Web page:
State, local and federal agents combed the area around a rural home after a woman who claimed to be psychic called police twice to report the mass grave at in Hardin, Texas about 50 miles (31 kilometers) northeast of Houston.
She provided a very good description of both the outside and interior of the one-story brown brick home and blood was found on the porch, which prompted police to get a search warrant and call in reinforcements.
Soon, local media were reporting that as many as 25 to 30 bodies -- including children -- were found on the rural property. But those reports turned out to be false.
"We searched the premises there is no indication there are any bodies at this residence, property or shed," Rex Evans, a captain with the Liberty County sheriff department, told reporters.
"There is no indication that a homicide occurred here."
Craig McNair, head of the county commissioners, expressed frustration with the "havoc" created by the false tip which led dozens of journalists to descend upon the quiet Texas town.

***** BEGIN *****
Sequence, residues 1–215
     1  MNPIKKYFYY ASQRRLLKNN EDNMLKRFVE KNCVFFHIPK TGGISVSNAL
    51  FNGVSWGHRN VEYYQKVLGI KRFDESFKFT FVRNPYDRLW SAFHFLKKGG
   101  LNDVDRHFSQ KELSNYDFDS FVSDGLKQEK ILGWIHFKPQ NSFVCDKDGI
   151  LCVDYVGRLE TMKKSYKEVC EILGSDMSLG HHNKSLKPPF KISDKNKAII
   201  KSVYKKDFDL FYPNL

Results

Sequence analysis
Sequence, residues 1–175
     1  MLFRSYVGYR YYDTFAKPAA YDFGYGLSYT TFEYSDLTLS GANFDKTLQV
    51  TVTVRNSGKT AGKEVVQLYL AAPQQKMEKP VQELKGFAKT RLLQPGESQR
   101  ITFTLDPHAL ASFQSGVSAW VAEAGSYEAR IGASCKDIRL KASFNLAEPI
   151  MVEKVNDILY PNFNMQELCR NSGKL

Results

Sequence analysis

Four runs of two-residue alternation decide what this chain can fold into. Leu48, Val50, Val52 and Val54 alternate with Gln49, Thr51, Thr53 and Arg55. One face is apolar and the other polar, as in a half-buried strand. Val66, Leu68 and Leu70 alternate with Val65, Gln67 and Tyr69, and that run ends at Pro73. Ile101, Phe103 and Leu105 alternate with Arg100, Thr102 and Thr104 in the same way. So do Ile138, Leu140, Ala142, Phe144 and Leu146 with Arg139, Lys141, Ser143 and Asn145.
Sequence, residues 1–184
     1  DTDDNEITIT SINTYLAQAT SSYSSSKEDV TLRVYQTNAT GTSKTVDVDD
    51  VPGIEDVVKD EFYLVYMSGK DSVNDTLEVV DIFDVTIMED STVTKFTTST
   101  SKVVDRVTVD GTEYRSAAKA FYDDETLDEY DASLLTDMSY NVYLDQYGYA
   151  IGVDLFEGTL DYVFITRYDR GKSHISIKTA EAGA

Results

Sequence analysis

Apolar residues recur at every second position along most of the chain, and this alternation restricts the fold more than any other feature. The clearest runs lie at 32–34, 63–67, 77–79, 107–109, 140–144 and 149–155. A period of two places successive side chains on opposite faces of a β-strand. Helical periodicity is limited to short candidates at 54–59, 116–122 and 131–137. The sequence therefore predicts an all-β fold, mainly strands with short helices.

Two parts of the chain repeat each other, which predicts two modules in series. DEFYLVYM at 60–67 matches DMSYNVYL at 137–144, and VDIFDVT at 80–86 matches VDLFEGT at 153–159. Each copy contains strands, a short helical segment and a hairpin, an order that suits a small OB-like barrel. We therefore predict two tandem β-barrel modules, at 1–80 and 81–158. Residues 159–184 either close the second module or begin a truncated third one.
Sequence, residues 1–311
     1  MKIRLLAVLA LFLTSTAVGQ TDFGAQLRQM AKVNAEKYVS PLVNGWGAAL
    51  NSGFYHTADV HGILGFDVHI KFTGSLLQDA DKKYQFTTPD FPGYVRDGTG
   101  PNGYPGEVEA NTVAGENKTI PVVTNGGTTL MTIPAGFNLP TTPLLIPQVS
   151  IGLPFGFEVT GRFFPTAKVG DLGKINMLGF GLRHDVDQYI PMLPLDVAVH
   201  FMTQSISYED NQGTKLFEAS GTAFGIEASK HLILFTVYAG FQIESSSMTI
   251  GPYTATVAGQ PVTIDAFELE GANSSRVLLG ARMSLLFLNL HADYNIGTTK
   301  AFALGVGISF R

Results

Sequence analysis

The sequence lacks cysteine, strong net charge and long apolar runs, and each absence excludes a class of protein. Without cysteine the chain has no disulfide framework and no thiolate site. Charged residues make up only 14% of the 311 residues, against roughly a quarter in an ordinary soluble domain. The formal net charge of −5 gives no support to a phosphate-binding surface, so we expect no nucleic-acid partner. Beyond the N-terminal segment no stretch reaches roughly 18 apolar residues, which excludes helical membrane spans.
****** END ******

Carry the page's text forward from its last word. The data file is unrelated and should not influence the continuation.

"Whoever this person was who gave this tip we'll be in touch with her and we could hold her responsible for giving a false tip and creating this havoc," he said.
The people who live there are long-haul truck drivers who are currently on the road and are baffled by the report, Evans said.
"Finding out that the police are in my yard for dead bodies? That's kinda panicking me," Joe Bankson, 44, told the Houston Chronicle.
"I haven't killed anybody," he said. "And I have a lot of friends, but I haven't helped anybody bury any bodies."
Bankson told the KHOU-TV that his daughter's ex-boyfriend got drunk and cut his wrists a couple weeks ago and is now in a psychiatric hospital.
"It took me all day to clean the inside of the house. I'm not sure I got it (the blood) all."